WASHINGTON The Federal Reserve kept interest rates unchanged on Wednesday in its first meeting since President Donald Trump took office, but painted a relatively upbeat picture of the U.S. economy that suggested it was on track to tighten monetary policy this year.
The central bank said job gains remained solid, inflation had increased and economic confidence was rising, although it gave no firm signal on the timing of its next rate move.
“Measures of consumer and business sentiment have improved of late,” the Fed said in a unanimous statement following a two-day policy meeting in which it left its benchmark interest rate in a range of 0.50 percent to 0.75 percent.
Fed policymakers also highlighted that unemployment was still hovering near its recent low. The unemployment rate is currently 4.7 percent, at or near the level many policymakers consider to be full employment.
The central bank raised rates in December for only the second time in a decade and forecast three rate increases in 2017. The Fed is still awaiting clarity on the possible impact of Trump’s economic policies.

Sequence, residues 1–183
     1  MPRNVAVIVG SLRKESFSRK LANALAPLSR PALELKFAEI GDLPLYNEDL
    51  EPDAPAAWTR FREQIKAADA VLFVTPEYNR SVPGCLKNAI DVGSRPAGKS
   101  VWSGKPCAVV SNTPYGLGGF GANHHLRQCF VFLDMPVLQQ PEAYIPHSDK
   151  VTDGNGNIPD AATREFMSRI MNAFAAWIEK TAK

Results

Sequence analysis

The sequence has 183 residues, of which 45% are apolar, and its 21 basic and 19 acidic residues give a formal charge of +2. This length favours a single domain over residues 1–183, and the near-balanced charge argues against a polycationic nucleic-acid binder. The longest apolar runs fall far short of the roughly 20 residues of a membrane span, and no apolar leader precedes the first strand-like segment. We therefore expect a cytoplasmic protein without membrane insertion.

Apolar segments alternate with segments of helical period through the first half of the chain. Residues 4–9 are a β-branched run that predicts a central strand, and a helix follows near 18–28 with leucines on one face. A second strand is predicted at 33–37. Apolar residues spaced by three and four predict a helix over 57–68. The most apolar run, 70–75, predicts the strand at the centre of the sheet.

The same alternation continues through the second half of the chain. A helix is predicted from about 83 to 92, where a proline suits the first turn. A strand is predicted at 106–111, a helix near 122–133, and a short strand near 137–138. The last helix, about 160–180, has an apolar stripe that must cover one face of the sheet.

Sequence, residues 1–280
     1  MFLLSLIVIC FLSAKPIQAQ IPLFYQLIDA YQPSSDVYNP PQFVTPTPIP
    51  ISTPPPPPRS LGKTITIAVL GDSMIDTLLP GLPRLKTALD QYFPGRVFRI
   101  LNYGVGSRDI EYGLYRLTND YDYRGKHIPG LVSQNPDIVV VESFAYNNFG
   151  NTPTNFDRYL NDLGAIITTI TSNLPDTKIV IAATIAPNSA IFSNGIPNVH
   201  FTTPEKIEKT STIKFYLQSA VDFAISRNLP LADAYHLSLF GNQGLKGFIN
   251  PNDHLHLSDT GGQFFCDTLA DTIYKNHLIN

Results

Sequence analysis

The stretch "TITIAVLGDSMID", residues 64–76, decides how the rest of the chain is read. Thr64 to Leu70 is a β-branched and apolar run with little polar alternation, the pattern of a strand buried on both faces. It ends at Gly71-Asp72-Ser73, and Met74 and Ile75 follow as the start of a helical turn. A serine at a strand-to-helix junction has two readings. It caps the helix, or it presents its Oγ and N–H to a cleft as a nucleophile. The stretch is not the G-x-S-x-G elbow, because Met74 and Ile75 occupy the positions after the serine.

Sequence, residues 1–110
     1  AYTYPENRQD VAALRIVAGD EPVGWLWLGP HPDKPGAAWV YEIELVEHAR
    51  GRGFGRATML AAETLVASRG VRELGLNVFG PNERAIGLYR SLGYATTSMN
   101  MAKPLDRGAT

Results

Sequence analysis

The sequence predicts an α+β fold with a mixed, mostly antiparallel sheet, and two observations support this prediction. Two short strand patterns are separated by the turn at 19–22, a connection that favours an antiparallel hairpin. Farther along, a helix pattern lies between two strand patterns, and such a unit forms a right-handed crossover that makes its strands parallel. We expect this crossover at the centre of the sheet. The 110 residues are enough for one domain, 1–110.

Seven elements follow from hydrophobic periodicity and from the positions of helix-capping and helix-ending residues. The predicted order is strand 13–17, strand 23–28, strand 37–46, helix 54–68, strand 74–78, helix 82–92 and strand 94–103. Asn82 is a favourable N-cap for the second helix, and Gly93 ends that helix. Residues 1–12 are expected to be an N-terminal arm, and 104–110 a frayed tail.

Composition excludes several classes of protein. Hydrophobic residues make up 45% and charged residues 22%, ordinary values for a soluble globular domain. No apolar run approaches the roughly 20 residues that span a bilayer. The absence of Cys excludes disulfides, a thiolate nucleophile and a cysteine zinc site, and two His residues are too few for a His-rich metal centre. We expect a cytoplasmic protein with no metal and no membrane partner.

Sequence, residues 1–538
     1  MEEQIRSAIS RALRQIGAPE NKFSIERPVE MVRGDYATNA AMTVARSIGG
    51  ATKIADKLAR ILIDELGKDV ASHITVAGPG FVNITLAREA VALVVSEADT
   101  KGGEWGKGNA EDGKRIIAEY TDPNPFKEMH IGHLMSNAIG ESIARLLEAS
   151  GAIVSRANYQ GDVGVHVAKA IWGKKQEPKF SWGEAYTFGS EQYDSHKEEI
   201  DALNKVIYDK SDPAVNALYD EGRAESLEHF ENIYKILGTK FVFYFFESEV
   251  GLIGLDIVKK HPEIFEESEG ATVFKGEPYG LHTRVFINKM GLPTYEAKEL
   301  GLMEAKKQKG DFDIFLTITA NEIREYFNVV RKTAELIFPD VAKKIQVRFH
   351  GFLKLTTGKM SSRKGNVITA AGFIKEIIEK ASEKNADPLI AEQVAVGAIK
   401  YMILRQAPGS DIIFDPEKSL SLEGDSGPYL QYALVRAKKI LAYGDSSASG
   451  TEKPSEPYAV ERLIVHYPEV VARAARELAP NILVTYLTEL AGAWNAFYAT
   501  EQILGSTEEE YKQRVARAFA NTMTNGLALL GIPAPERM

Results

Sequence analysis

Fed Chair Janet Yellen recently underscored that with the economy near full employment, the Fed risked a “nasty surprise” on inflation if it is too slow with rate hikes.
The Fed said in its statement it still expects inflation to rise to its 2 percent target in the medium term, although it noted that market-based measures of inflation compensation are still low and survey-based measures of long-term inflation expectations are little changed. It did however indicate that the effects of weak oil prices had ended, something that will give it a “clean” inflation reading going forward.
On Monday, the Commerce Department reported an uptick in inflation to 1.7 percent.
“The economy continues to chug along and sentiment has improved. The Fed does sound more confident about eventually getting to its 2 percent inflation target,” said Brian Jacobsen, chief portfolio strategist at Wells Fargo Funds Management.
Investors had all but ruled out a rate increase this week, given the uncertainty surrounding Trump’s fiscal and trade policies and how they would affect the Fed’s outlook.
Financial markets were little changed after the rate decision.
Trump’s promises on infrastructure spending, tax cuts, regulation rollbacks and a renegotiation of trade deals could quickly spur higher inflation, which may necessitate a faster pace of rate hikes.
The businessman-turned-politician has offered few details on his economic plans or a timeline for their rollout, while the announcement of policies viewed by many as protectionist and an immigration crackdown have caused market jitters.
(Reporting by Lindsay Dunsmuir and Jason Lange; Editing by Paul Simao)